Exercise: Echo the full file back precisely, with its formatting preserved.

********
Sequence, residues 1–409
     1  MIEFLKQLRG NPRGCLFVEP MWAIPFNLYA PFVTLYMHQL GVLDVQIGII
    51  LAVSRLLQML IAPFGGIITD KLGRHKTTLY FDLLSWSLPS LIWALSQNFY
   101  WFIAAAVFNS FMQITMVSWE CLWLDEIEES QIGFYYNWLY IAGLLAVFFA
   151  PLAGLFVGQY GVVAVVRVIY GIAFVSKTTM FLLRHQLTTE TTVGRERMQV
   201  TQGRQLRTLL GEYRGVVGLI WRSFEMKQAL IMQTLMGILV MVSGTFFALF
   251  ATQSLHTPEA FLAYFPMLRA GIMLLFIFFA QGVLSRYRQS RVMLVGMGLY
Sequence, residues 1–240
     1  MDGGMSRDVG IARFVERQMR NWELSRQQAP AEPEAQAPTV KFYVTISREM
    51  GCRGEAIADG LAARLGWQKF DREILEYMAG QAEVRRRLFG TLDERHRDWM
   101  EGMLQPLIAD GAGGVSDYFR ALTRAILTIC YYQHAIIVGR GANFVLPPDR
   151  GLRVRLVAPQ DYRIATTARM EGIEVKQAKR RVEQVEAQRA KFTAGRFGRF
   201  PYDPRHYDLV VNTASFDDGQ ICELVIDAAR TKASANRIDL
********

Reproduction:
Sequence, residues 1–409
     1  MIEFLKQLRG NPRGCLFVEP MWAIPFNLYA PFVTLYMHQL GVLDVQIGII
    51  LAVSRLLQML IAPFGGIITD KLGRHKTTLY FDLLSWSLPS LIWALSQNFY
   101  WFIAAAVFNS FMQITMVSWE CLWLDEIEES QIGFYYNWLY IAGLLAVFFA
   151  PLAGLFVGQY GVVAVVRVIY GIAFVSKTTM FLLRHQLTTE TTVGRERMQV
   201  TQGRQLRTLL GEYRGVVGLI WRSFEMKQAL IMQTLMGILV MVSGTFFALF
   251  ATQSLHTPEA FLAYFPMLRA GIMLLFIFFA QGVLSRYRQS RVMLVGMGLY
Sequence, residues 1–240
     1  MDGGMSRDVG IARFVERQMR NWELSRQQAP AEPEAQAPTV KFYVTISREM
    51  GCRGEAIADG LAARLGWQKF DREILEYMAG QAEVRRRLFG TLDERHRDWM
   101  EGMLQPLIAD GAGGVSDYFR ALTRAILTIC YYQHAIIVGR GANFVLPPDR
   151  GLRVRLVAPQ DYRIATTARM EGIEVKQAKR RVEQVEAQRA KFTAGRFGRF
   201  PYDPRHYDLV VNTASFDDGQ ICELVIDAAR TKASANRIDL